Grubs, also known as White Grubs, are a juvenile stage of Japanese Beetles or May/June Beetles. During July, adult beetles lay eggs in the soil. Those eggs hatch at the end of summer. The grub stage then feeds on the roots of the lawn. The grubs feed on the lawn during the fall, burrow deeper in the soil during the winter, come back to the surface during the spring to continue feeding, and then ultimately emerge as adults during the summer.
What damage do grubs cause?
When grubs feed on the lawn roots, they reduce the lawn’s ability to take up nutrients and water. This often leads to dead brown spots in the lawn. These spots will enlarge with time as the grubs continue to feed on the roots.
How do I know if I have grubs?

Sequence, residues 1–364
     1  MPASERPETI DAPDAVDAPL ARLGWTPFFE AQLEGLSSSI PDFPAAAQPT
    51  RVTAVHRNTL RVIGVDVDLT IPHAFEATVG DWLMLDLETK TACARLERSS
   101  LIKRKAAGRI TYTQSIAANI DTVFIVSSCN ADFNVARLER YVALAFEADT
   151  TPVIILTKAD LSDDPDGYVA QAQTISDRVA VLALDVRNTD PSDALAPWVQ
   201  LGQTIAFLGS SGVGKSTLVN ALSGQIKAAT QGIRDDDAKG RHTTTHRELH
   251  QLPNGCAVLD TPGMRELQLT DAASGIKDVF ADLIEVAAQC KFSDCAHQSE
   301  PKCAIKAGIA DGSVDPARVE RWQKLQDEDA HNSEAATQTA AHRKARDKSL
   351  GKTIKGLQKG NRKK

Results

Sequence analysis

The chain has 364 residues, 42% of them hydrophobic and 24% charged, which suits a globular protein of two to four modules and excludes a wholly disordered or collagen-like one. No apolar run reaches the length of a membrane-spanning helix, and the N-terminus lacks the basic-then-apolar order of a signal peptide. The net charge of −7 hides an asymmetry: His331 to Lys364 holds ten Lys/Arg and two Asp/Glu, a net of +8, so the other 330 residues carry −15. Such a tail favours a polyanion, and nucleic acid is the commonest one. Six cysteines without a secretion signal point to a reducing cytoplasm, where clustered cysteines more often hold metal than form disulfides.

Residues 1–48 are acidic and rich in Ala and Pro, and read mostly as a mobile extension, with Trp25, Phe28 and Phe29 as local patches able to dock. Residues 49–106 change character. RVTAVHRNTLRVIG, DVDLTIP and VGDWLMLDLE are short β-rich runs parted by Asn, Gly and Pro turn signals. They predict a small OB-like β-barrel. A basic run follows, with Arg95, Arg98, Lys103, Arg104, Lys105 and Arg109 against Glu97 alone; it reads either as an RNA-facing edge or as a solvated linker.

If brown areas of the lawn pull up easily, the roots are not attached to the soil, then grubs are the likely cause. You may also notice small white grubs in the soil at the interface of brown and green grass.
How do you control grubs?
Because adult beetles can fly in from anywhere, controlling the grub hatch is the ideal way to reduce lawn damage. Products can be applied during the late spring/early summer to control hatching grubs. If you already have actively feeding grubs, there are products that can be applied to kill the active grubs as well.
How do you manage the brown spots caused by grubs?
Unfortunately, grubs kill the grass. This means that the areas will need to be seeded or sodded to get the lawn back in shape.
Unsure if you have grubs?
Send in some photos so our experts can assess what might be going on. We will let you know what is going on or schedule someone to come take a closer look.